What’s the longer-term plan?

Long-term, I see three major areas to work on: election law reform to stop designing ballots in county and state code, voting system standards that are technology independent, and designing voting systems that are universally usable rather than band-aid solutions for accessibility.

In the meantime, I’m hoping to –

  • Get a bunch of volunteers started collecting data for the county election web sites project.
  • Incorporate a couple of small changes to the second printing of the first four Field Guides.
  • Give webinars on usability testing ballots to county election officials (and maybe legislators) across the country.

I’m also hoping to find some time after the election to cycle across Normandy.

Sounds awesome. Where exactly should folks look for you at NASED?

I’ll be everywhere, really, carrying around copies of the Field Guides. I’m not formally on the program, and since I’m not selling the Field Guides I don’t have a vendor booth either. If folks want to meet up they should shoot me an email or hit me up on Twitter (@danachis).


II. Election News This Week

  • Big problems continued on the Big Island this week with multiple reports of polling places opening late during Saturday’s primary forcing Gov. Neil Abercrombie to extend the polling hours in Hawaii County for an additional 90 minutes. Even after a debriefing, it’s unclear exactly how many polling places on the island opened late, but some officials believe as many as half of them opened anywhere from a few minutes to 90 minutes late. On Tuesday, embattled Hawaii County Clerk Jamae Kawauchi apologized for a chaotic primary day. “You can attribute responsibility for the failures to me,” she told a community meeting according to KHNL. “All I can offer to you is that I’m very sorry and that it was a very big problem.” Following the primary problems, both the county council and the state began a review of what happened on primary day, as well as overall problems at the elections office.
  • Colorado Secretary of State Scott Gessler has assigned two additional staff members from his office to assist Teller County during the upcoming election. Teller County Board of County Commissioners Chairman Jim Ignatius told KRDO the additions are a result of two reports filed by state observers who were present during the primary elections in June. The reports cited incomplete ballot envelopes and a lack of staff training as issues impacting the primary election.  “He did over one year’s worth of evaluations to come to the conclusion that help was needed during the primary. Now that the evaluation was taken on the primary, it was pretty clear that we needed some assistance, and we got it,” Ignatius told the television station. Arapahoe County Deputy Election Manager Al Davidson and Debbie Silva, statewide Colorado voter registration system expert, will be working with Teller County during the general election in November.
  • You pretty much have to pay for everything on flights these day—checked luggage, food, blankets, etc.—but one thing you won’t have to pay for on Virgin America flights from San Francisco to D.C. is to register to vote! The airline has partnered with Rock the Vote to provide passengers with voter registration forms if they wish to spend some of their flying time getting registered to vote. According to the San Jose Mercury News, the “mile-high voter registration is a first for Rock the Vote.”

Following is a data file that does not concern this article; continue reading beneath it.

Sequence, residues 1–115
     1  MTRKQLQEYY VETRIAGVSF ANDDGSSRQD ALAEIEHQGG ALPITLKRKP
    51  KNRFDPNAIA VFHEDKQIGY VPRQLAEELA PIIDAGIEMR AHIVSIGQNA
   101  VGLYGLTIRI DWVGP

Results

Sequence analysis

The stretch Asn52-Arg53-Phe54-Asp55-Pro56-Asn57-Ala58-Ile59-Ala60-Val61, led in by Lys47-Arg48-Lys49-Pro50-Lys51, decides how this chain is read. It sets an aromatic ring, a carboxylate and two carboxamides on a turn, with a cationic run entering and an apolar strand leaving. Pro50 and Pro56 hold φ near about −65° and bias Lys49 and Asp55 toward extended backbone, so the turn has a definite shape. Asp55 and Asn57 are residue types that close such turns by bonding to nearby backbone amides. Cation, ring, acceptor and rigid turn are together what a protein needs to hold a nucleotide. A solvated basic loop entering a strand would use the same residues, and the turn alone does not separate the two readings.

• Personnel News: On Wednesday, South Dakota Elections Director Aaron Lorenzen resigned from his job to pursue an opportunity in the private sector. Later that afternoon, Secretary of State Jason Gant announced the hiring of long-time retired Minnehaha County Auditor Sue Roust.

III. Opinion

National News: Military voters, II; Voter ID, II; Vote fraud; Book reviews; Twitter;

Florida: Early voting; Absentee voting; Palm Beach County; Sarasota County

Georgia: Smooth election

Hawaii: Primary problems

Iowa: Voter purge, II

Maine: Voter fraud

Massachusetts: Voter registration, II; Voter ID

Michigan: Citizenship question; Fair elections; Overseas voters; Election snafu; Voter suppression;

Minnesota: Primary system; Election date

Missouri: Election costs

North Carolina: Early voting, II

Ohio: Early voting, II, III; Absentee voting

Pennsylvania: Voter ID, II, III, IV, V; Election reform

Texas: Voter registration

Utah: Voter ID

Vermont: Access to the ballot

Virginia: Voter rolls

**Some sites may require registration.


V. Job Openings

electionlineWeekly publishes election administration job postings each week as a free service to our readers. To have your job listed in the newsletter, please send a copy of the job description, including a web link to mmoretti@electionline.org. Job postings must be received by 5pm on Wednesday in order to appear in the Thursday newsletter. Listings will run for three weeks or till the deadline listed in the posting.

Elections Director, Luzerne County, Pa. — Performs work of planning, directing, coordinating and controlling overall operations of the Bureau of Elections Department to ensure that goals and objectives are accomplished by performing the following duties personally or through subordinate staff and/or supervisors; performs related work as required or assigned by the division head. Minimum Qualifications: Bachelors Degree from accredited college or university with major course work in public, business administration or closely related field; four years of proven elections management experience; two years supervisory or administrative capacity; two years management experience involving campaigns/elections; experience with electronic voting machines (programming & maintenance). Salary: $50-56,000. For complete job posting and how to apply, click here.

Legal Externs, Fair Elections Legal Network, Washington, D.C.The Fair Elections Legal Network (FELN) is seeking reliable law students with strong academic credentials for legal externships for the fall 2012 school term.  Externs would be expected to commit to a minimum of 10-15 hours per week. Primary responsibilities will include supporting the work of the legal staff to identify and respond to legal and administrative obstacles to voting rights and voter participation.  Duties will include performing legal research; identifying relevant legal, rulemaking, or legislative proceedings; and interacting with election reform organizations and election officials. Additional responsibilities may include assisting with outreach and organizing for a student voting project. Great opportunity for exposure to election law for someone who is a self-starter and comfortable handling significant responsibility. Must possess strong research, analytic, and written and oral communications skills. Ability to meet deadlines required. To apply please send a cover letter, resume, and writing sample to Ben Hovland at bhovland@fairelectionsnetwork.com